Our cheetahs were seen over the past week. However, there was an unfortunate incident where one cheetah female, Shakira, lost two cubs to hyaenas.

Paul Kirui, Chief Safari Guide
Kindly contact: safariguide@mara-intrepids.co.ke for comments or inquiry on the migration and other animal sightings in the Mara


News from Maasai Mara, Kenya October 4th 2008

by Heritage

4 October 2008

Just as our guides had reported last week, the herds have now started streaming back into northern Serengeti. The concentration of animals on the Central plains decreased remarkably in the last few days. River crossings have reduced as the herds now concentrate on feeding, but even with a few animals, it still is interesting for first timers.

The second exodus of the migration could mark the end of their stay in the Mara, albeit a little earlier than usual. Most years the final exit is in November. It is not known if these animals will return for a third time, but there are still a few animals on Paradise plains and scanty concentration in various areas

There have been sporadic showers across the plains in last few days. If this continues, then all the overgrazed areas will soon be teeming with new and lush shoots of grass. This in return will also bring forth flowers mainly, cycnium tubulosum (tissue paper flowers), scadoxus mulitflora (fire ball lilies) and crinum macowani (pyjama lilies). This ushers in the season of regeneration, when the plains are carpeted with flowers as far as the eye can see. It is also the best time for birders since the migratory birds from the northern hemisphere are usually resident in the Mara at this time for a period of about four weeks.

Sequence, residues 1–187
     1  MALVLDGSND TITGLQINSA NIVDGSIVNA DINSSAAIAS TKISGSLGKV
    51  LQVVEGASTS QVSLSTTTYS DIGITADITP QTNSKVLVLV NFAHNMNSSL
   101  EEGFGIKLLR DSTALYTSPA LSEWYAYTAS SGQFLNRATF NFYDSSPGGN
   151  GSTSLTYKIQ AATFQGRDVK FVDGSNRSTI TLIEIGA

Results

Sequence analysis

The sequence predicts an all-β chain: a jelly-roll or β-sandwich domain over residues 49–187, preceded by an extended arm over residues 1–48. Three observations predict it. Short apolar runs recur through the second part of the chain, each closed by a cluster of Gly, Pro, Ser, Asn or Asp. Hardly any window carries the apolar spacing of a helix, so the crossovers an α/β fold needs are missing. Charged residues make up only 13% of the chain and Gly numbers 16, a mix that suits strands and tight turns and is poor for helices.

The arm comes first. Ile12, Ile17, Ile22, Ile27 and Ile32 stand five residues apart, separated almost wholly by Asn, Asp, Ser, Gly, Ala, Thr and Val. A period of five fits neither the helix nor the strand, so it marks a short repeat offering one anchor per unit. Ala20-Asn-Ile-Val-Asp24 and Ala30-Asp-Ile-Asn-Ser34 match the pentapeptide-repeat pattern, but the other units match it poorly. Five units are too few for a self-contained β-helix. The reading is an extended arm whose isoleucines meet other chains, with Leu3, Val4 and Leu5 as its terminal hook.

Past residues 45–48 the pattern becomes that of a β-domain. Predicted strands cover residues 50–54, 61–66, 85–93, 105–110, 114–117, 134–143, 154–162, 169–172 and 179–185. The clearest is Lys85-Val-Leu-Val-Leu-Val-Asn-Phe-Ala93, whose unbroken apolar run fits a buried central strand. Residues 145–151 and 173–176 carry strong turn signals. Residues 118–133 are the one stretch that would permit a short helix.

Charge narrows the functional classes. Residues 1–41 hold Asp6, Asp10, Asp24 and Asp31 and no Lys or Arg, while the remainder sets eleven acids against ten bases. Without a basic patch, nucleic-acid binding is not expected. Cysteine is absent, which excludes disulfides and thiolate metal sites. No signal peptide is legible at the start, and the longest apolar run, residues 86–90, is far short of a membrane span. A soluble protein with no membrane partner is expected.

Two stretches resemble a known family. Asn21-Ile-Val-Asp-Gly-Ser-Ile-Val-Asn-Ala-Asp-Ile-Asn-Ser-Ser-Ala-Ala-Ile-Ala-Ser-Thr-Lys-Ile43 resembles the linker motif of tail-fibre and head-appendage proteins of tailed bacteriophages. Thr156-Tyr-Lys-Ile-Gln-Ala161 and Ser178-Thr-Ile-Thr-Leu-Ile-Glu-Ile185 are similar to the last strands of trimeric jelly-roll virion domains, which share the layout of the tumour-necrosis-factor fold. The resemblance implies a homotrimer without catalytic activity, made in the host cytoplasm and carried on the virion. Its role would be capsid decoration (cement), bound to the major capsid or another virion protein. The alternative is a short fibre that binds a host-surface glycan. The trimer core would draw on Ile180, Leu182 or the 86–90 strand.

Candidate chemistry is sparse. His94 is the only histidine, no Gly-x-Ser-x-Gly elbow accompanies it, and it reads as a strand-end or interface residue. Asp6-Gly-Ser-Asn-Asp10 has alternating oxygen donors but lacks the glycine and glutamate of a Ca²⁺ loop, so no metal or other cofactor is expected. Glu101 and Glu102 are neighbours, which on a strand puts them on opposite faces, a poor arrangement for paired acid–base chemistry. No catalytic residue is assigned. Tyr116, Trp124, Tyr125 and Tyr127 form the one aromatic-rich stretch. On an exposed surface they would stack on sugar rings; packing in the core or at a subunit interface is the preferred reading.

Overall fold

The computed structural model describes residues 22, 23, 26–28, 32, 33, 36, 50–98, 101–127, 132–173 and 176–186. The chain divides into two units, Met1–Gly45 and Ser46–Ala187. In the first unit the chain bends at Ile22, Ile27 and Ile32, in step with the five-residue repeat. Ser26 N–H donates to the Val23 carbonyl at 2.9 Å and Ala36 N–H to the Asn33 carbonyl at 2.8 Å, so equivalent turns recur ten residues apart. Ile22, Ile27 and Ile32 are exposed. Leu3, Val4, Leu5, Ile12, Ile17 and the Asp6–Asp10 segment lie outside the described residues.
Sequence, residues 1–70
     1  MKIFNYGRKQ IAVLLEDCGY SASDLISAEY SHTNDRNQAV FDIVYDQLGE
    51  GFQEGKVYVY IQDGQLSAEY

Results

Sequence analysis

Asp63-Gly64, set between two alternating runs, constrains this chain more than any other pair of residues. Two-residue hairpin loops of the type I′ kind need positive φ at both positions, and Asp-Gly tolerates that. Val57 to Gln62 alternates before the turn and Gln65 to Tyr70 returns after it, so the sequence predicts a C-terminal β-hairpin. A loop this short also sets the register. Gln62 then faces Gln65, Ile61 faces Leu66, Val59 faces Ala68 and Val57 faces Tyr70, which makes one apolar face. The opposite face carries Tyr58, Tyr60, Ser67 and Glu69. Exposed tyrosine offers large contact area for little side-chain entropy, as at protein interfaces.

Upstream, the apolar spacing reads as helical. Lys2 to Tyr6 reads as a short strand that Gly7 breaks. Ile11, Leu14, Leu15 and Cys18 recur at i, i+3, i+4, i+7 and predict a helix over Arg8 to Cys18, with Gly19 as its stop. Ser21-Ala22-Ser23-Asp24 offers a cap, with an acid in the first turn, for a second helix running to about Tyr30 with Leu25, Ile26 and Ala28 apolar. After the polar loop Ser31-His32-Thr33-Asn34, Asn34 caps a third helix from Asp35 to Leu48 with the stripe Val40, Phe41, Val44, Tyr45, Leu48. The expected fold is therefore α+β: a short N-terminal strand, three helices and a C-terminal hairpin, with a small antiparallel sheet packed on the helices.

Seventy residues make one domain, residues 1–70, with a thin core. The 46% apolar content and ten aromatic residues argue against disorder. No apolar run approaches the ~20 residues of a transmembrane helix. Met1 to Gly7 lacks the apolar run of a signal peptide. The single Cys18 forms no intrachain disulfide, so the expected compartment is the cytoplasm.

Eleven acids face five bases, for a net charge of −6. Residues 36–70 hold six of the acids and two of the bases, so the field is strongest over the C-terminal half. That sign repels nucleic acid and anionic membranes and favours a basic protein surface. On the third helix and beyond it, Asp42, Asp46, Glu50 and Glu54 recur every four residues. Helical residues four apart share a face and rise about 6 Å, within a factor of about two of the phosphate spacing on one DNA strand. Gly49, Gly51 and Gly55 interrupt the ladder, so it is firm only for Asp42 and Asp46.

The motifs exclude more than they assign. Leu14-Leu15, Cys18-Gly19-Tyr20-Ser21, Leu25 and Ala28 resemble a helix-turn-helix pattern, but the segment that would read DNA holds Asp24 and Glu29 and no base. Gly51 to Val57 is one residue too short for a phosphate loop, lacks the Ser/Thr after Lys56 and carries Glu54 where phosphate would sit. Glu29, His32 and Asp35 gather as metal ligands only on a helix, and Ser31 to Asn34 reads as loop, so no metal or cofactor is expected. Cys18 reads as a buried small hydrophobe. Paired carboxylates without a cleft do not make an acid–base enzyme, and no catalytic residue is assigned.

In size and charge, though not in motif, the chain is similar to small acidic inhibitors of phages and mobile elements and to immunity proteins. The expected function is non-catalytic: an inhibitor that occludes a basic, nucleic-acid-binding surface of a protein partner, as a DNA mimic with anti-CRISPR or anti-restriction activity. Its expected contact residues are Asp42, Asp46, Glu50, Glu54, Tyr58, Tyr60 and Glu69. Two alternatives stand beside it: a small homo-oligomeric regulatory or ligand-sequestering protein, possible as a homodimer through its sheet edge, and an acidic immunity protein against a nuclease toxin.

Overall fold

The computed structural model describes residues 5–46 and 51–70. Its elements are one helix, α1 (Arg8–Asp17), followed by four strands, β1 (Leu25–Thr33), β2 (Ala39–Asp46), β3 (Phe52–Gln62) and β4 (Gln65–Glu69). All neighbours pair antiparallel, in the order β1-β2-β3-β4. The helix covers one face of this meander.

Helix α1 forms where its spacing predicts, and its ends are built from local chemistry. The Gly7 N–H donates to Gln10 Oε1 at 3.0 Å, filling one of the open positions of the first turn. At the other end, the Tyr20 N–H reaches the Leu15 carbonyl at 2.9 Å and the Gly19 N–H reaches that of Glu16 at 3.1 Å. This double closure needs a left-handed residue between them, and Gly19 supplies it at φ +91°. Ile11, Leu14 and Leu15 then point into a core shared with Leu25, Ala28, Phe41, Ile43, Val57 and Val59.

Big Cat Update:
Predation activities by the big cats hunts were reported throughout the past week. Most of the prides have to hunt to feed their young. All the lion prides in our game viewing areas have now settled in their usual territories. With food in plenty, they are expected to maintain their territorial space until the migration ends.

The deaths of many cheetah cubs from being trampled by buffalo have not affected the survivors. Our guest at Mara Explorer and Intrepids witnessed a lot of hunting activities over the past week, with varying degrees of success. With young cubs, which are now learning hunting skills, the mothers have to be busy. A female cheetah normally catches gazelle fawns and brings it to the cubs to play with as they hone their hunting skills. Many gazelles, especially Thomson’s, are giving birth this month, and this will provide a good training opportunity to the cheetah cubs.

Leopards were also seen throughout the week. Our main characters, Olive, Ayah, Binti and Kali were seen regularly near Mara Intrepids camp. In fact some days they were just 50 metres from tent 29 & 30 when the BBC Big Cat Live team were filming. This is the location where they were filmed for four consecutive days in the past week. The three were seen walking together most of the time, a rare sight for leopards.

The Big Cat Live program will be on air from the 6th-12th October and will be showing these characters filmed just next to our camp and whom we see regularly.

Paul Kirui, Chief Safari Guide
Kindly contact: safariguide@mara-intrepids.co.ke for comments or inquiry on the migration and other animal sightings in the Mara